• Kane Nurton

Understanding Pain: Chronic Pain


In our Understand Pain: Acute Pain blog, we explored how we feel pain and what influences it. This pain is known as acute pain and occurs when we are initially injured. So what does it mean when you are told you are suffering from chronic pain?


Chronic and persistent pain is extremely misunderstood as it defies tissue healing times. Generally, most injuries in our tissues heal in approximately six to eight weeks. So when our injury heals we would be expecting our pain to stop because there is no need for our body to protect us any more. Then why do people suffer with lifelong pain and why does it persists past these healing time frames? Shouldn’t we stop feeling pain if our tissues are completely healed? I’m sure you’ve heard from people that they’ve been told that your pain is in your ‘head.’ And I’m sure many of you may have just been prescribed pain killers or have had extensive X-Rays and MRIs just to find out you don't have any obvious injury! This can be very confusing and can make people feel helpless as they don’t understand why this is occurring or how best to fix the issue.


Chronic pain is quite a complex concept and can be difficult to explain. Firstly, whilst the comment that pain is in your ‘head,’ is partly true, several factors can influence your pain. One factor in particular, is that negative thoughts can magnify your pain experience, but it is not the only factor that contributes to chronic and persistent pain. Essentially, our 'pain system' works in the opposite way to what we want. As explained previously, the nerves in our body recognise that something is occurring in our tissues, we feel pain, and then we make a change. However, with chronic and persistent pain, even when the tissues have healed, our body will keep signalling that we are in danger! Here, our pain system begins to work in the opposite to what we want and everything becomes super sensitised. The nerves in the area we had the injury are easily activated and become over protective. This means that our pain response is still triggered long past when everything has healed. These nerves can become triggered simply by performing day to day movements like sitting down for a long period of time or even by doing exercise that is beneficial. Over time, this response can be continually magnified to the point even thoughts of these aggravating activities can trigger a pain response.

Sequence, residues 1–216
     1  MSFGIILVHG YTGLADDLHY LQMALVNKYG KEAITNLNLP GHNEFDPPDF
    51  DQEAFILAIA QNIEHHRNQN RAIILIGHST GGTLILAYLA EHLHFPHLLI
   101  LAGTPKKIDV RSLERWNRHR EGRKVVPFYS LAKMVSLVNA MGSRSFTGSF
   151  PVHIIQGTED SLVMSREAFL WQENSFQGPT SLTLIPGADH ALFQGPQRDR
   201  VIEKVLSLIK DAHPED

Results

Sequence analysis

Whilst this might sound like it’s all doom and gloom, pain scientists have made terrific discoveries over the last 20 years and have been finding ways to help reduce the impact that chronic pain has on individuals. Techniques such as steadily exposing the body to its pain response over time, in an attempt to reduce its sensitivity, has found to be beneficial. Other aspects such as examining an individual's mental thoughts towards their pain has also had a significant affect. But in some instances, the best form of treatment has been simple education surrounding how pain works; how we feel it; and how it can become chronic.


What makes chronic pain so difficult to treat is that everyone’s pain experience is extremely different. Not one person will have the same response to the same injury. Some people will experience more pain, while others might have no pain. Additionally, certain treatments will work better for some than others.


In a nutshell, this is why pain is so complicated! And this is why it can be so poorly treated, as there can be so many ways to treat chronic pain as not everyone is the same.

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